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WIESBADEN, Germany Blurry vision, dizziness, mood swings, sleep problems and memory problems: these are all symptoms of traumatic brain injuries, and can last from a few days to a lifetime, depending on the treatment and severity.
March is Brain Injury Awareness Month. A brain injury can happen anytime, anywhere, to anyone. Brain injuries do not discriminate. Approximately 2.4 million people sustain brain injuries in the United States each year. An injury that happens in an instant can bring a lifetime of physical, cognitive, and behavioral challenges.
It's a multi-system dysfunction that also affects the family, said Col. Debra McNamara, optometrist and TBI specialist at the Wiesbaden Army Health Clinic. The quicker you get treatment, the quicker Soldiers and their families rehabilitate.
A brain injury can affect a person physically and psychologically, and sometimes the symptoms-like memory problems or emotional and behavioral changes don't appear immediately. Everyone in the family is affected by TBI and changes in relationships, behavior, finances and social life can add stress to family life.
For example, if a child isn't sleeping well, he or she will be sleepy in school and grades might slip, causing stress for the child and his or her parents. Early and adequate access to care will greatly increase overall quality of life for the patient as well as the family members, who play an important role in the care and rehabilitation of individuals with TBIs.
Vision therapy is an integral part of treatment for post trauma vision syndrome, a problem of up to 75 percent of people with a TBI experience. Brain swelling can disrupt ocular motor nerves in the brain, preventing eyes from moving in the same direction at the same time.
When this happens, patients will often tilt their head to avoid seeing double, sending poor information to the vestibular system. The result is poor balance, dizziness and headaches.
Post trauma vision syndrome is often overlooked. Until the vision problems are treated, patients may find reading, computer work, driving and shooting difficult. They might see perfectly with one eye, but not so well with both.
People will tell me, 'I thought I was crazy I didn't know how to explain something was wrong with my vision,' recounted McNamara.
Most of the time, the problem can be fixed with a pair of glasses, prism and/or vision training. Some of the near-focusing problems resolve after systemic medications are discontinued. Headaches also will disappear.
Alleviating vision problems significantly improves quality of life, so optometry is a rewarding role to play in TBI rehabilitation, she said.
Other common problems associated with mild TBI include changes in sleep, mood, energy, behavioral and cognitive patterns.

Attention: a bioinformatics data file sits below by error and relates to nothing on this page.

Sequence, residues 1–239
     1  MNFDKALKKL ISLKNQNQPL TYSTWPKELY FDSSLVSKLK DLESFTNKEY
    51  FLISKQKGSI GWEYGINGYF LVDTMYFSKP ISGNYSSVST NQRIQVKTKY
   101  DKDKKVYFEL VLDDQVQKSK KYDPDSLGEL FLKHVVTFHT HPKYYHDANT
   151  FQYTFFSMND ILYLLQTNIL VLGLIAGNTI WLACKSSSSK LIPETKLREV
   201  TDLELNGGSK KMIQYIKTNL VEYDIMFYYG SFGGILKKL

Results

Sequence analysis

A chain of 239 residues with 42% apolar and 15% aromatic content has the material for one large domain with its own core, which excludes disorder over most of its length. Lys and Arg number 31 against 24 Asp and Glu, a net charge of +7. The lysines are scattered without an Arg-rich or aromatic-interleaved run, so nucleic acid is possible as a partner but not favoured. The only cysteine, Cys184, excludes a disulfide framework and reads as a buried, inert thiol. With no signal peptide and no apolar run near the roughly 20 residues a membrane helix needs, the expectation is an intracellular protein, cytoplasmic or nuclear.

During the height of combat, the numbers of service members who experienced a TBI increased by approximately 10,000 per quarter and the majority of these (80 to 85 percent) have been classified as mild TBI, or mTBI. Although most patients with mTBI recover completely within three months of injury, some patients experience persistent symptoms and have trouble rehabilitating, particularly when they have co-occurring conditions, like Post-Traumatic Stress Disorder or suffer another TBI soon after.
As the war winds down, most new TBIs result from fights and ski, bicycle, and other sports accidents.
If you take a fall and hit your head while snowboarding and end up with a headache, the worst thing you can do is get back on the board and risk taking another fall on the slopes, said McNamara.
Brains need darkness and rest. In Afghanistan, she said, TBI patients would rest in TBI tents for up to 72 hours to let their brains heal.
The Defense Centers of Excellence for Psychological Health and Traumatic Brain Injury Information & Referral hotline (1-866-966-1020) is staffed 24 hours/day, every day of the year, as is the Crisis Intervention line (1-800-273-8255). Visit the Defense and Veterans Brain Injury Center online at dvbic.dcoe.mil or brainlinemilitary.org for more information.
10 facts about TBIs 2.4 million people suffer a TBI in the U.S. every year. Blasts are a leading cause of TBIs in a warzone. Otherwise, falls account for 35 percent of TBIs; motor vehicle crashes, 17 percent. TBI is a contributing factor to a third of all injury-related deaths in the U.S. TBIs can increase the risk for epilepsy, Alzheimers disease and Parkinsons disease. Males are about 1.5 times as likely as females to sustain a TBI. Children aged 0 to 4 years, teens aged 15 to 19 years, and adults aged 65 years and older are most likely to sustain a TBI. Having a concussion increases the risk of having another, and those with multiple concussions take longer to recover. Kids who suffer a concussion may have a much slower recovery if theyve sustained one or more blows to the head in the past, according to studies. Studies have also shown that kids who have the most mental activity after a concussion took the longest time to fully recover an average of 100 days. Bicycling, football, playground activities, basketball, and soccer are associated with the greatest number of TBI-related emergency room visits.
Sources: Brain Injury Association of America and www.webmd.com